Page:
Due to large cultural differences, how a classroom operates differs significantly in the East compared to the West. If you’re a foreign teacher about to embark on a journey teaching in a Chinese classroom, here’s a few things you need to be mindful of. With greater awareness and increased understanding, any classroom clashes can be mediated.
Education in the West focuses on preparing children to become useful members of society such as gaining life skills, communicational skills and awareness. Effort is emphasised upon, but not too much on standardised testing, as their Eastern counterparts are. This is in stark contrast to China where the classroom is like a competition. The students’ goal is to get the highest grade. Similarly, if a teacher’s class gets high grades, this will also reflect well on the teacher.
In China, education is seen as the one and only way to get the best job that has the most influence. Thus, from the time children are put in school, they are bombarded with homework, memorisation and the constant pressure from teachers and parents to excel. As a result of this type of schooling and pressure, high school students are much more focused and well behaved.
This can be a huge cultural shock to foreign or western teachers, and they will have to adjust their teaching styles. However, teachers are highly respected in a Chinese classroom so there won’t be very much trouble disciplining them.
Classroom size and the teacher to student ratio is another fundamental difference. With China’s massive population, it’s no surprise that their schools are very big and their class sizes can sometimes exceed 40 students. Daily exercise routines in the school’s courtyard is a common sight. On the contrary, classrooms in the west range usually won’t exceed 30 students and sometimes, the teacher will even have a teaching assistant helping with the daily operations of the classroom.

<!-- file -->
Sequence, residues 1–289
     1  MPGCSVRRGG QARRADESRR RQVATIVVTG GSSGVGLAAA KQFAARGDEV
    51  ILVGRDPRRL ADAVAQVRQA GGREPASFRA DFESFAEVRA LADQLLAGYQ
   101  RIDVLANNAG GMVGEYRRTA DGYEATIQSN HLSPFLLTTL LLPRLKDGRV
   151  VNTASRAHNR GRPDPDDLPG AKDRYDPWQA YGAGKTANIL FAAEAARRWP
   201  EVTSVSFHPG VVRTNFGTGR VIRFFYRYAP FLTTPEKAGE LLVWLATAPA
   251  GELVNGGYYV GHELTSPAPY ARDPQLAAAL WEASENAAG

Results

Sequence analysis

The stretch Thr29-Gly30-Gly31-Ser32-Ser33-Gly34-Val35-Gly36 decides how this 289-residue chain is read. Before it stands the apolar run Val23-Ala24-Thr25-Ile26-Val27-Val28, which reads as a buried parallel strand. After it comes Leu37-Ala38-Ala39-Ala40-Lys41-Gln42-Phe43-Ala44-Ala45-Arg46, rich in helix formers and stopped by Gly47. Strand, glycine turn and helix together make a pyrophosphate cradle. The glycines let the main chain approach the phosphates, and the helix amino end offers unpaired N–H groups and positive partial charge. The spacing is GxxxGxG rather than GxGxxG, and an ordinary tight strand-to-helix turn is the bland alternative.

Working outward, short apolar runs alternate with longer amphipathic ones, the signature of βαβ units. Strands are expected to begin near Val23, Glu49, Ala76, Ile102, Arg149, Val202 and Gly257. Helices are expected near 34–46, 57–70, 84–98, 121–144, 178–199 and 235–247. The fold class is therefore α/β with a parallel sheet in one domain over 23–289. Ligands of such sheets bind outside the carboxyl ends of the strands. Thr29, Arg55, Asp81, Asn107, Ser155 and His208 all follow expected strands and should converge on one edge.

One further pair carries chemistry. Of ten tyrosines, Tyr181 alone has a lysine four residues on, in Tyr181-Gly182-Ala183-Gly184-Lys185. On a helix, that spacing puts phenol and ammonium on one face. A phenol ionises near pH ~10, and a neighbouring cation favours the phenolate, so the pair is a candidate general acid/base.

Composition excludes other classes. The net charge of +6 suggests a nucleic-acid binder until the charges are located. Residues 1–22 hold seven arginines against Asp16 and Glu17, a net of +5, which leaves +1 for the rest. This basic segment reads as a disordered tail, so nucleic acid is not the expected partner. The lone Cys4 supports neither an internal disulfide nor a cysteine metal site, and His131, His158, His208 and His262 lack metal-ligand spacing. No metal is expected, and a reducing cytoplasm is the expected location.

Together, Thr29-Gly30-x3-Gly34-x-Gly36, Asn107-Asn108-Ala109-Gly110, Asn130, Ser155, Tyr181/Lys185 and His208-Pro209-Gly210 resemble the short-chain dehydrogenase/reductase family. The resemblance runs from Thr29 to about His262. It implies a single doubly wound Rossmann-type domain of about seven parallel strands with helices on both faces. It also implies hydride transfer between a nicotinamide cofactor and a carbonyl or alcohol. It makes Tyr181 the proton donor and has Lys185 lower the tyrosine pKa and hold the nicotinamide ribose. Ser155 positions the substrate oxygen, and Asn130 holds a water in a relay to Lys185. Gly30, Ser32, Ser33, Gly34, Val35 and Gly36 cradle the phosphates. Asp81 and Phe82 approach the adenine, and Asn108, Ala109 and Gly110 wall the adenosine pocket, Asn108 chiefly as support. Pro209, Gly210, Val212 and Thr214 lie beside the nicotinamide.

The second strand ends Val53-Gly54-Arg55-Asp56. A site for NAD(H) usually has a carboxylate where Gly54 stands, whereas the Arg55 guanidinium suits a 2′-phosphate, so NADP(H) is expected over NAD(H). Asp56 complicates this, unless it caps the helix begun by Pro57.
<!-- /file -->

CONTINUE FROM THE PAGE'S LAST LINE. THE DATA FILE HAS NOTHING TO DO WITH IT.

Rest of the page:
Creativity in the Classroom
Western classrooms often promote the idea of individuality, personality and standing on ones’ own, which cultivates a lot of creativity in arts and other similar subjects. Due to this mentality, many effective ways of teaching take a backseat to creativity. However, in many schools the result of this is lazy students who are not pushed to practice or develop self-discipline and do not understand the important value of hard work.
In China however, creativity is rarely considered and academic performance is much more important. Often Chinese students will come home with mountains of homework and much of that work requires rote memorisation. While the art of memorising large quantities of information is a great skill, the one-way focus on it creates a lack of creative and critical thinking skills. Students in Eastern countries are more collective oriented compared to their creative, individualistic Western counterparts.
Why? Why? Why?
Asking “why” is not common in a Chinese class either. With so many years of rote memorisation, most students are taught to simply take what is said as truth and not question (another reason critical thinking is absent.) Thus, when teaching a Chinese class, it may take some time for the students to feel comfortable asking questions and creating their own opinion. In Western Education, creativity and independent thinking are highly valued with speeches and presentations being a common classroom activity.